3. Are there any practical benefits to atheism? If so, what are they and why?
Atheists are allowed to employ the unrestricted use of reason and evidence to compile the most accurate description of reality as possible. We can also use this to weigh in the pluses and minuses of various moral issues bereft of any dogmatic stances that could constrain our thinking. Once science divorced itself from supernaturalism, we have no longer resorted to magic in order to explain things, and this has allowed us to discover things that rely on natural mechanisms that we would have never discovered if it weren't for methodological naturalism.
4. What would it take for you to believe in God’s existence?
100 million dollars wired to my bank account with a receipt saying, "From God." No, seriously. For me to believe in god at this point I would need empirical proof. God, if he exists, could easily and without any effort, be able to convince everyone on earth that he is real and what his one true message for us is. A worldwide miraculous event would certainly convince me.
5. If you found the Biblical God does indeed exist, would your life change for the better or worse? Why?
I would immediately become depressed. Not only would I have to live under a tyrant, the reward for submitting to this tyrant, is to get to worship him in heaven for eternity. That sounds like hell to me. But one thing about Christianity is that you are saved through grace alone and not through works, so at least I wouldn't have to do anything. I'd more or less still live my life as always, which is decent and moral. But, there's no way that I'd adhere to the ridiculous morals in the Bible even if I knew that god was real, because if I'm saved though grace, it wouldn't make any difference whether I was a good Christian or a bad Christian.
1. Have you ever actually read the Bible?
I've read parts, mostly in the beginning and some of the New Testament. I've never read the Bible cover to cover, but I get the jist of it. The more of the Bible I read, the more I'm generally appalled by it.
2. If the Biblical God DOES exist, could a lack of Biblical knowledge explain good atheism?
I'm not sure what is meant by "good atheism" here. If what is meant here is atheists who behave good, then no, it has nothing to do with lacking biblical knowledge. If what is meant is the spread of atheism itself due to lacking biblical knowledge, then I am doubtful of that too. Reading the Bible can make one an atheist, because most "Christians" have never even read the Bible, or they have only read the parts that sound good in the context of our modern world, and once the nasty parts are read, it can produce negative reactions.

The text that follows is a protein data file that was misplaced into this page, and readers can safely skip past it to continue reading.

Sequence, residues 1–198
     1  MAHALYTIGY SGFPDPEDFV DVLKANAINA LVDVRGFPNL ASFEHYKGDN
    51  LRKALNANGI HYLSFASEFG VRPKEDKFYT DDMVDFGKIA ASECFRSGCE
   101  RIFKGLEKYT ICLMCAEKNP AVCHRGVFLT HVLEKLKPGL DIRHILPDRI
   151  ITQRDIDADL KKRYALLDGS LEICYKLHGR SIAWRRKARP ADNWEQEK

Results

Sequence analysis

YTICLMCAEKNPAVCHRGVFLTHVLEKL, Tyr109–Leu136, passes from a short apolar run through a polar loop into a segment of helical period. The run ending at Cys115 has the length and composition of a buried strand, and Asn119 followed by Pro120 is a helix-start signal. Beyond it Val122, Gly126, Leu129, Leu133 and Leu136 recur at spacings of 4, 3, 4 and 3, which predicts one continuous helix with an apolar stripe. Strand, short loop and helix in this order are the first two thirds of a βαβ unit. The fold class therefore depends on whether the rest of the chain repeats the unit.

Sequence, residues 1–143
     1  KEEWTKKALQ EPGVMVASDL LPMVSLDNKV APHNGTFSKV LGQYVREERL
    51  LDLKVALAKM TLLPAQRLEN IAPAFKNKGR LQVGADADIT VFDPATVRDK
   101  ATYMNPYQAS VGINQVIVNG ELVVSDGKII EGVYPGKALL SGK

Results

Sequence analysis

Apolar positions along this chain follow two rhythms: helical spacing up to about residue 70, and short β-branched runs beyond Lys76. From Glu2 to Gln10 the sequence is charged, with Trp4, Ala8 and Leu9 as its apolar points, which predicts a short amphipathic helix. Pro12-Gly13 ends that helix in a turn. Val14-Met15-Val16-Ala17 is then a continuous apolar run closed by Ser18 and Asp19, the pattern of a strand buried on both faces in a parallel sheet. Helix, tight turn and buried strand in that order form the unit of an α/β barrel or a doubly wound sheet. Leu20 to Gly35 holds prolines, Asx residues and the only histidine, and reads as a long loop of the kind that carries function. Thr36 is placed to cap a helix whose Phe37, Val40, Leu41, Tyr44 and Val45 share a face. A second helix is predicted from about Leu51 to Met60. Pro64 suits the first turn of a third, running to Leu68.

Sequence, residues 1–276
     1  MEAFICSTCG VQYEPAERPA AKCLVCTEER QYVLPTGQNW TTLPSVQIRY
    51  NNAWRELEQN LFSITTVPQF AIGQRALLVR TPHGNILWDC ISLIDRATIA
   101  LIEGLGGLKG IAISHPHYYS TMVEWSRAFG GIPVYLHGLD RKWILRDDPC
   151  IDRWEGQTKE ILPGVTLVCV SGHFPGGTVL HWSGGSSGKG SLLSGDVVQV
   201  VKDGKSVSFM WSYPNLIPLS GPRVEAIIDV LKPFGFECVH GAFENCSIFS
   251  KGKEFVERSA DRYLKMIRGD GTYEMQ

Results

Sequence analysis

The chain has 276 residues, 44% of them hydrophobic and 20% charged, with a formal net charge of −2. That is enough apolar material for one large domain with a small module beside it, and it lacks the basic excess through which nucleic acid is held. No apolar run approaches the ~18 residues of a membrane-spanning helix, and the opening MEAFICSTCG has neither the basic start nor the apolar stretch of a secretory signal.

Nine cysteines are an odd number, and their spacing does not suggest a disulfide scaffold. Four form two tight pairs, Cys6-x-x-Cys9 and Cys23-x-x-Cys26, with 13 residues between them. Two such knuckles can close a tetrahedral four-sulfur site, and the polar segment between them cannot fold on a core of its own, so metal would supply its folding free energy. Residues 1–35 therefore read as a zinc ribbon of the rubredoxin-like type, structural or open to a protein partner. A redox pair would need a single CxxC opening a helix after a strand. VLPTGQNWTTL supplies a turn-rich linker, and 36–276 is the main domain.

3. Would you be willing to read the Gospel of John, just once, as if it were true and Jesus was smart?
Why the gospel of John? Why not Mark whose gospel came first and whose gospel all the others are based off of? And why do I have to pretend Jesus is smart? This makes it seem like he's really just dumb and fanatical to the point where I have to pretend that he's smart. I'm not particularly moved by the gospel accounts other than that I see them as hideous renditions of a human sacrifice for the charge of blasphemy. To believe John is true also opens up other dilemmas. If John is true, then:
- Mark is wrong that Jesus was executed after Passover.
- Mark, Luke and Matthew are wrong that Jesus didn't carry his cross the whole way
- Mark, Luke and Matthew are wrong that Jesus' tomb was visited by Mary with other women
- Matthew is wrong that Jesus' tomb was not rolled away
- Mark is wrong in that the women who visited the tomb told people